Princeton, N.J. – Many business owners subscribe to the philosophy that purchasing cyber insurance is enough to help them sleep at night. Think again. Despite the overwhelming proof that cyber attackers target businesses around the clock, 24/7, cyber insurance continues to be an afterthought. Compounding this situation is that basic limits are often thrown in for “comfort.” The following are out thoughts for ascertaining coverage in return for the premium.

The “Risk” Piece of the Puzzle

Data is clearly what cyber criminals are after. Before determining the level of insurance required, there must be an understanding of which of the following is at risk:

  • Client’s SSN, EIN’s, bank, investment/brokerage account details, complete financials, etc. are lucrative to cybercriminals
  • For audit clients, whose financials are “in hand” before they are distributed, cybercriminals would use this information to play with the stock market. Would this protect the firm against insider training?
  • If any information collected at the time of due diligence or forensic work is leaked due to an IT network weakness, would cyber coverage address the fallout?
  • If wealth management services or private client accounting services are offered and there is online access to client’s funds, what if a cybercriminal obtains such credentials and performs a theft of client funds?
  • In this era of increased outsourcing of IT systems, data management systems and operational services – such as tax preparation work and data analytics – is there a level of confidence in the third-party network that you rely upon? Should you get third-party coverage?

The main takeaways are to better understand your risks, inventory your technology assets and know where data originates, passes, transforms and is ultimately stored and shared. According to a 2016 NetDiligence study, data loss through a cyberattack is just a fraction of all data breaches. Your own risk-based scenarios should analyze the probability for your organization and have cyber insurance provide the most appropriate coverage.

The “Inclusions and Exclusions” Pieces of the Premium Puzzle

  • Most general liability insurance policies will not cover indirect or consequential loss due to loss of third-party customer data and may need a cyber rider.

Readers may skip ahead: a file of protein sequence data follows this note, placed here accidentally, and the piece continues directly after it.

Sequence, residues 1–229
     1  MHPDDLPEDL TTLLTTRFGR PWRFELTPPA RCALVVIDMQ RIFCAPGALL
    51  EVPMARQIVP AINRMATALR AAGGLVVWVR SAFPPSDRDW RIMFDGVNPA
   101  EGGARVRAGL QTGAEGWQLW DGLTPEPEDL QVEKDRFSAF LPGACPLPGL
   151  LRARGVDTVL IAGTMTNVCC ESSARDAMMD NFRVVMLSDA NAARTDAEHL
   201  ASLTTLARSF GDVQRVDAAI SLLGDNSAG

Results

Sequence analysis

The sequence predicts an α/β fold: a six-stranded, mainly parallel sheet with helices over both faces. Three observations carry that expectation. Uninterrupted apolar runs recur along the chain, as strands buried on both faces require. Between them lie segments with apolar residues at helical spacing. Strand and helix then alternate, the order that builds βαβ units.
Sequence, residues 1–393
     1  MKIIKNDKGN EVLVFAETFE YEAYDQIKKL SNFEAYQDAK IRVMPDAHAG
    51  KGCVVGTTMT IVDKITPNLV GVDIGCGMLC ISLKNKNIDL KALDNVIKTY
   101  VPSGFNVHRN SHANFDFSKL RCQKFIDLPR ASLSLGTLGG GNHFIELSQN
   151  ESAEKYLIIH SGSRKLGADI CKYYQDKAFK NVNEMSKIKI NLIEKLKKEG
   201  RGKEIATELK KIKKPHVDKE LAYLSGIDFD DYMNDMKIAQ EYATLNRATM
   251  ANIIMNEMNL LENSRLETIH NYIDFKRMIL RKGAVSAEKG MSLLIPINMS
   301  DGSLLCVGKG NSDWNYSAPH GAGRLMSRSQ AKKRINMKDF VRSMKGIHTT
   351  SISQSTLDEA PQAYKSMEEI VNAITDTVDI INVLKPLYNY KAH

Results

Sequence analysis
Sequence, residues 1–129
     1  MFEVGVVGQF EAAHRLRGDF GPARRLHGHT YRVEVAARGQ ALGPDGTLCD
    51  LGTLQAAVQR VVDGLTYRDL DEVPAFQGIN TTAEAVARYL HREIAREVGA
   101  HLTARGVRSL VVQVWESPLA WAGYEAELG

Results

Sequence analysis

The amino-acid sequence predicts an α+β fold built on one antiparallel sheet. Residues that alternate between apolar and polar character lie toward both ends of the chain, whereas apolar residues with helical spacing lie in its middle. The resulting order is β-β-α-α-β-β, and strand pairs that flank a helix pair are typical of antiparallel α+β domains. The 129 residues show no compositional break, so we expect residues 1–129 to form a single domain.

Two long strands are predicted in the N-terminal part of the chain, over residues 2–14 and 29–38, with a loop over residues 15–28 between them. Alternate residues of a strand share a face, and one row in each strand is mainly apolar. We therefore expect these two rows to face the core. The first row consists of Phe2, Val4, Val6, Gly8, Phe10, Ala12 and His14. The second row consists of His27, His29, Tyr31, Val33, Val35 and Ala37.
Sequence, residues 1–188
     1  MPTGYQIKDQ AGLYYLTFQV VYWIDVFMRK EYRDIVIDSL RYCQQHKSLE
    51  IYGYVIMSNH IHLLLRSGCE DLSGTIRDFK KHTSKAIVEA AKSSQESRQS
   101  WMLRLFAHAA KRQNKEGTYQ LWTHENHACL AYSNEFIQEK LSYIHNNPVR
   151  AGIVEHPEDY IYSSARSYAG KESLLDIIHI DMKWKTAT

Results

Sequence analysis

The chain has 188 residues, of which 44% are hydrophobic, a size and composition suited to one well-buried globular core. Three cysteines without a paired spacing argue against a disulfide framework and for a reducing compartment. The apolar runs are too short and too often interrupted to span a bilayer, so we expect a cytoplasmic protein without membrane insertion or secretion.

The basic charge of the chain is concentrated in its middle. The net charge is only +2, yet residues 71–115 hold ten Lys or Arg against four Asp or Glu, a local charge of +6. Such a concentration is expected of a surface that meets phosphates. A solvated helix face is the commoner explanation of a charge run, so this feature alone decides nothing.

• Cyber-insurance policies may not cover an actual theft of funds due to fraudulent wire transfers. This may require an expansion of crime coverage policy.
  • Vulnerable aspects of an insured’s network topology, such as unsecured wireless network, unencrypted portable devices or an uncorrected security deficiency already known to the insured, may not be covered. Review the expectations of the policy and ensure they are in constant compliance of such policies.
  • Will your insurance coverage extend to cover breaches that may occur at service providers abroad if you outsource? What is the level of compliance expected from such service providers?
  • Include in your policy Rogue Employee Coverage.
  • Most insurance policies would exclude a breach of contract and unfair trade practices.
  • Understand the limits on regulatory defense, fines coverage and settlement, if included.
  • Are all (digital and paper) records covered?

The “First Party and Third Party Coverage Options” Pieces of the Premium Puzzle

  • First-party coverage includes loss directly suffered by the insured
  • Third-party coverage options include coverage for legal claims by third parties brought against the insured

Solving the Premium Puzzle

While insurance is a matured marketplace, cyber insurance is the new kid on the block – growing and still defining itself! Cybersecurity should be a part of a company’s broader Enterprise Risk Management program and involve discussions with professionals who offer unbiased guidance. That starts with evaluating cyber insurance policy offerings and ensuring the right pieces to the puzzle are in place.